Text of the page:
By Jeremy Reimer | Published: November 10, 2006 – 07:05AM CT
Brad Garlinghouse, vice president of communications at Yahoo, said that the reason for the move was to improve the overall user experience, something he claims is lacking from many “Web 2.0” applications. “I would argue that many Web 2.0 applications are already dead,” he said. “Web 2.0 as an application is leaving tremendous value on the table for consumers and for us as businesses.”
So is the new Yahoo Mail an example of Web 2.5? The company is not the first to have the idea of integrating e-mail and instant messaging. For almost as long as there has been MSN Messenger, Microsoft has enabled access to its contact list within Outlook Express. Google also recently added chat features to its Gmail application. However, the new Yahoo Mail is even more integrated with instant messaging. It does not require any separate instant message program, allowing direct chatting within its web-based interface.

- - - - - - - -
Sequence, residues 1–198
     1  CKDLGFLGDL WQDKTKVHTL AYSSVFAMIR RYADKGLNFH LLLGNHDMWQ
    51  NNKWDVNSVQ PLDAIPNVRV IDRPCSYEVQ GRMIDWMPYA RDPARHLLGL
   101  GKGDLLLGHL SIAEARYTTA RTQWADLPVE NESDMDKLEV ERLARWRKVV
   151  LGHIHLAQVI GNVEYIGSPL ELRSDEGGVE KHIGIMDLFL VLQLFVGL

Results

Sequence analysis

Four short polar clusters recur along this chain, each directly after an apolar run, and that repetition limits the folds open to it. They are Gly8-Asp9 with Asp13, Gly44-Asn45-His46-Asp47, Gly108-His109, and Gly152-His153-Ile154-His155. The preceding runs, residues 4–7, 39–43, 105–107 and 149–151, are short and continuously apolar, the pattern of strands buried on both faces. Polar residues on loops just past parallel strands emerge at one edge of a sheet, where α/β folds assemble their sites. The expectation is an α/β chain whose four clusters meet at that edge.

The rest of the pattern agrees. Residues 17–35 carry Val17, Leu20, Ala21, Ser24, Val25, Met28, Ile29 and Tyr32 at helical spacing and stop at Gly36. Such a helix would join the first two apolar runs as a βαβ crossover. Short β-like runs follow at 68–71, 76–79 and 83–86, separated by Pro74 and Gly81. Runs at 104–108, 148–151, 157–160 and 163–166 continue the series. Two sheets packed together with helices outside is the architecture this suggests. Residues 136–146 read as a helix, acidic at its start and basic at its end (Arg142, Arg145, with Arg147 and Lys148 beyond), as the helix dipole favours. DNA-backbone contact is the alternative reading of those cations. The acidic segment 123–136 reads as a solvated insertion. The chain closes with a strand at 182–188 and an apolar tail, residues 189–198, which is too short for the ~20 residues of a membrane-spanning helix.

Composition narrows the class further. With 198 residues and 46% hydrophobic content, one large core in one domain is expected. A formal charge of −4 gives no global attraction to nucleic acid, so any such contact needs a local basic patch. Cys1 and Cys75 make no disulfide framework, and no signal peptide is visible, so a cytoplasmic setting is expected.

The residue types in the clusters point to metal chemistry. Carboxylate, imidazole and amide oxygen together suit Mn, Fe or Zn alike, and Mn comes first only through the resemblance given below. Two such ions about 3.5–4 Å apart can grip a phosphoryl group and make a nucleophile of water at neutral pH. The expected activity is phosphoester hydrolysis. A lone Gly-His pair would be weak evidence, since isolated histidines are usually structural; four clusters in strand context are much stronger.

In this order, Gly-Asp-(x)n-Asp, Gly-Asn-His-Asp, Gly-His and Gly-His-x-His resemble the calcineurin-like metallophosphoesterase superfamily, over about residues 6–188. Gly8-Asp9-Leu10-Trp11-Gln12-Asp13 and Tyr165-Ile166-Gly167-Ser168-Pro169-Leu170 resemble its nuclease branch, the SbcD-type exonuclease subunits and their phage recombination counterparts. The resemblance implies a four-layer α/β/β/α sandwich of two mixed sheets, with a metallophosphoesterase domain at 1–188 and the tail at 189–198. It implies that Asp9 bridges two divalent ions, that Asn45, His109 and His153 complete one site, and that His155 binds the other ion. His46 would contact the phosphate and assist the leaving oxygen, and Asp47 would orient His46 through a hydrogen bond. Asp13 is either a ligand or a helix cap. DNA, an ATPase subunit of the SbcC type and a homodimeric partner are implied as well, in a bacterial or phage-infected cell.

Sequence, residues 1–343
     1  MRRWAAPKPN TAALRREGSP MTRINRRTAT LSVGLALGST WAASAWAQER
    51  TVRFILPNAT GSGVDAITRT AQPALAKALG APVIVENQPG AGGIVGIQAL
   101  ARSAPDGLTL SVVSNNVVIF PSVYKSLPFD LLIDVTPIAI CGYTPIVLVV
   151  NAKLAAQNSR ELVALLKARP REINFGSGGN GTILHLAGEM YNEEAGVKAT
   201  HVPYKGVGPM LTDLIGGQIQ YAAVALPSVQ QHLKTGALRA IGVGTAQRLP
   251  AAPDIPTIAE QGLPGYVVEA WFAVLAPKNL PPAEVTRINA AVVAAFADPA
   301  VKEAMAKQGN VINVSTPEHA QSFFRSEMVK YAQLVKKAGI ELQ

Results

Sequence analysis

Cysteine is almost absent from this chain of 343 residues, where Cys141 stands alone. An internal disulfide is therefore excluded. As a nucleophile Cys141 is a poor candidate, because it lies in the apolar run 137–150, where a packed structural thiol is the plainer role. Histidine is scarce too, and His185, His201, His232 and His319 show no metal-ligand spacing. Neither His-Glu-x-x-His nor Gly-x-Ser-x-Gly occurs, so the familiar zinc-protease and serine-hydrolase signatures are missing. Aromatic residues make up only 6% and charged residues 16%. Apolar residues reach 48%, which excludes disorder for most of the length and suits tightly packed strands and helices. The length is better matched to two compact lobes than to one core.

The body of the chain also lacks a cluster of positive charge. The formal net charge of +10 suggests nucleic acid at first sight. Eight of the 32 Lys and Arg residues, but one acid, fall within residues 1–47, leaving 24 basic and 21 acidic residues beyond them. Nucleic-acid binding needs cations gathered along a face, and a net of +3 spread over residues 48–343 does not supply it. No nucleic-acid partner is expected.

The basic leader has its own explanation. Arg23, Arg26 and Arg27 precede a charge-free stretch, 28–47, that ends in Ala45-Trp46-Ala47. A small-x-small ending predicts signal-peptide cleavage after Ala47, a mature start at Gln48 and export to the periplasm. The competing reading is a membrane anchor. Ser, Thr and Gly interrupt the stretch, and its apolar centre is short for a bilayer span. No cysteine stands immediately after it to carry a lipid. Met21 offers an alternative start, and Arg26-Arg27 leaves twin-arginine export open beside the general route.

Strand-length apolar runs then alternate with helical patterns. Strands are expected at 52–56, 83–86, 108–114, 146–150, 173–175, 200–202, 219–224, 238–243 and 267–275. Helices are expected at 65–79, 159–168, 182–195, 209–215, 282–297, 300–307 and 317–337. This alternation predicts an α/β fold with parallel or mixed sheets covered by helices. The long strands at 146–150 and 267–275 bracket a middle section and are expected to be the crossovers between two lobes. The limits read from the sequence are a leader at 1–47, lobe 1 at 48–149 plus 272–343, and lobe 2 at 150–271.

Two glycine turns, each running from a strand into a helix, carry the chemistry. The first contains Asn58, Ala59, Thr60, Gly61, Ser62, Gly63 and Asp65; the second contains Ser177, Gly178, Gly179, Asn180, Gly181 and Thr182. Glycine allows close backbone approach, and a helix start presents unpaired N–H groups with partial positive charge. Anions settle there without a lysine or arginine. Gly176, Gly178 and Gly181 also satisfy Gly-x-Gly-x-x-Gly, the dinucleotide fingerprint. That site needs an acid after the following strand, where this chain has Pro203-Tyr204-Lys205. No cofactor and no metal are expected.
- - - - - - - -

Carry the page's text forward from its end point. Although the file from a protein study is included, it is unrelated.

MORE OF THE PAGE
Yahoo and Microsoft recently announced that they would be making their IM services interoperable, so MSN users will have a new method of keeping track of their friends while online. Will the IM integration and MSN compatibility help push Yahoo’s services over the top? The battle for instant messaging supremacy has not been a close one, at least in the United State, where AOL Instant Messenger continues to hold a strong lead. However, the web is increasingly international, and the race outside the US is much closer. What prizes await the victor? Untold riches in the form of ad revenues.